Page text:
Client: Chinese Recreation Center, San Francisco Art Commission
Location: San Fracisco, CA, United States
Completion date: 2012
Artwork budget: $170,000
Shan Shan Sheng
East West Art Studio
Interior Architects. INC
Berengo Studio, Venice, Italy
Active Memory 2012. Venetian hand-blown glass, stainless steel height 16ft x width 8ft x 4ft depth. Through the City’s two-percent-for-art program, the San Francisco Arts Commission has commissioned the new public artworks by San Francisco-based artists Shan Shan Sheng for the new Betty Ann Ong Chinese Recreation Center. While very distinct, artworks celebrate ancient art forms with strong roots in Chinese culture and history.
“These artworks speak directly to the community,” said Director of Cultural Affairs for the San Francisco Arts Commission Tom DeCaigny, “It’s wonderful that this new state-of-the-art facility includes artworks that link to the unique culture and history of Chinatown. I applaud Shan Shan Sheng for her success in reinterpreting honored traditions into contemporary artworks that will be enjoyed by all who visit the Center.” For the center’s entrance lobby, Chinese-born Shan Shan Sheng created a suspension sculpture that uses language to speak to the unique Chinese American experience in San Francisco and the California landscape. Active Memory is cascade of red Chinese calligraphy that showers visitors upon entry. The artist handmade the glass characters so that they look handwritten. The sculpture’s form, vertical flows of narrative, was inspired by traditional Chinese landscape paintings, which are often inscribed with poems.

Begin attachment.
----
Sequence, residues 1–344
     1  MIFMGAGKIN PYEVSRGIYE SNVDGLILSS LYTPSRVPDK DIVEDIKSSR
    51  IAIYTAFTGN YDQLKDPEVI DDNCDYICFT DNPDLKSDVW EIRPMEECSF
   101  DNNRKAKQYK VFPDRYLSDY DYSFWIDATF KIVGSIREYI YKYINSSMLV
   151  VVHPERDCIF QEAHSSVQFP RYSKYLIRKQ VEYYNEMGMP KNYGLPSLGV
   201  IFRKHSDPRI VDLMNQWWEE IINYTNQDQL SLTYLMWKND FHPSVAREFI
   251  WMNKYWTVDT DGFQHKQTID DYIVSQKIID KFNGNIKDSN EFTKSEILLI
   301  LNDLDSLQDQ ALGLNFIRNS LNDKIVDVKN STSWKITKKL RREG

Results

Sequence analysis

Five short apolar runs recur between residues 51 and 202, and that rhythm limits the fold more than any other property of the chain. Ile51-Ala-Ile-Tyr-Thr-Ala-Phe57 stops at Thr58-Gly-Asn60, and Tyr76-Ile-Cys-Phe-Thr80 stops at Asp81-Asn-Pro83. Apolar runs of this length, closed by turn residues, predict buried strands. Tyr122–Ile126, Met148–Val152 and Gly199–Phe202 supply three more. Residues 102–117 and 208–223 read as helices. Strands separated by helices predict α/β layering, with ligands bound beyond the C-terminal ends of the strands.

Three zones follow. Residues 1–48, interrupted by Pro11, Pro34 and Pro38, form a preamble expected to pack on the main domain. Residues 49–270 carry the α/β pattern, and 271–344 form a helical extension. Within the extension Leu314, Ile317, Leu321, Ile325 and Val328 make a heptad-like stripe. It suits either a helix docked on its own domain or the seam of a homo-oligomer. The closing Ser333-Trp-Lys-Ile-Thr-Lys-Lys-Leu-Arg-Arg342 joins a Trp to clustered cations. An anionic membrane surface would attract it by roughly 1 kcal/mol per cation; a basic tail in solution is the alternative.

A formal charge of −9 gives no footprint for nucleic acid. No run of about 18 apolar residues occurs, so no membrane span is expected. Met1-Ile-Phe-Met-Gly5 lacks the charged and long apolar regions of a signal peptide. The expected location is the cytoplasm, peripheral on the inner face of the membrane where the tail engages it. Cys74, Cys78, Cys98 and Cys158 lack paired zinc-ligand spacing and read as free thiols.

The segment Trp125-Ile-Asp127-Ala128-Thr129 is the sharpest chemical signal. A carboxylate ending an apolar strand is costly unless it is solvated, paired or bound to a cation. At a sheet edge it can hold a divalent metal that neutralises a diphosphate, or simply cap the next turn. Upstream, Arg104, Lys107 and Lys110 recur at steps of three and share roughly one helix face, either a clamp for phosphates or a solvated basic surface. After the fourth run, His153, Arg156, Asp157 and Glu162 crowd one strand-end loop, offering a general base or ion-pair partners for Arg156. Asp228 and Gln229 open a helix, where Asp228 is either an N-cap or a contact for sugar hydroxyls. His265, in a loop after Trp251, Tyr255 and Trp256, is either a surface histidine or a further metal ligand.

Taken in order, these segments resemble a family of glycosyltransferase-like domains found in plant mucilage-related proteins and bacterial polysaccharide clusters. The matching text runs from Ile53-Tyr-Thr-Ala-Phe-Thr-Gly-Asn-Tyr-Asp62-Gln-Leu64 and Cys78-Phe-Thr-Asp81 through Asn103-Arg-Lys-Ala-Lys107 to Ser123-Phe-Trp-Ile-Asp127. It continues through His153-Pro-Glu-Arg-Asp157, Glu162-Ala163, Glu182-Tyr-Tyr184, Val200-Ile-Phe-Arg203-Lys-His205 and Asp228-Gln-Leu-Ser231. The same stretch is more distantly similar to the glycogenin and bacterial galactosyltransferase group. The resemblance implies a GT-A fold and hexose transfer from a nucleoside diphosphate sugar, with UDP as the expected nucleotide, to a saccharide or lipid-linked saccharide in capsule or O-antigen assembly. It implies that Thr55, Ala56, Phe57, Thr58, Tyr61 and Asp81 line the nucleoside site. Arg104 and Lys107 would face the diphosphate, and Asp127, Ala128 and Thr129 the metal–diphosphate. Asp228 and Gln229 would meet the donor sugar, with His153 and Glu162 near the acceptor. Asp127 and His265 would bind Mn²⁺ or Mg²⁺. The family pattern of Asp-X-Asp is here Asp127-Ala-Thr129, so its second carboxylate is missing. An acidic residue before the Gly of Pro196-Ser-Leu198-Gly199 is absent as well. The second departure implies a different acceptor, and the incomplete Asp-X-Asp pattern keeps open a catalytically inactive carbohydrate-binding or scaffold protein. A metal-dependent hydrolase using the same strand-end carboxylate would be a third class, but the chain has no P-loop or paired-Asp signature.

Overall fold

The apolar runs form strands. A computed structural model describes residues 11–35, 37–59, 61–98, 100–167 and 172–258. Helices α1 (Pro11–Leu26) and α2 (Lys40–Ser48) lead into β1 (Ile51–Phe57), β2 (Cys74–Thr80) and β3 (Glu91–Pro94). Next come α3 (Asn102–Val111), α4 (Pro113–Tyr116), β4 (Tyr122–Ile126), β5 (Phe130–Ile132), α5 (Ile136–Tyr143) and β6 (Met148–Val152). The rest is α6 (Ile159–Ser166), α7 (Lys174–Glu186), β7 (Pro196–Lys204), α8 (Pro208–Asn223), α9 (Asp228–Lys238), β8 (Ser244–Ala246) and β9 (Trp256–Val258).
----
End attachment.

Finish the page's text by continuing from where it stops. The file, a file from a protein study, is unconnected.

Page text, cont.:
This project represents the collaboration of the artist Shan Shan Sheng with the glass studio in Island of Murano Venice, the most famous center for the creation of the art glass in the world. As Sheng has worked in Murano for number of years. the creation of the exceptional glass sculpture is the result of the 1000 years old traditional of the Venetian glass technique meet 5000 years of Chinese ancient poems and calligraphy forms.
The sculpture itself is comprised of five poems, two of which are by renowned poets Bai Juyi (772-846) and Li Bai (701-762) of the Tang Dynasty and a poem by Su Shi (1036-1101) of the Song Dynasty. The other poems include an early twentieth-century poem by an anonymous immigrant about his experience on Angel Island and the last by the Artist, with key words describing the lives of Chinese immigrants in the Bay Area, Words such as “gold rush”, “railroad track”, and “computer” invoke the memory of travel, labor and the transformation of America.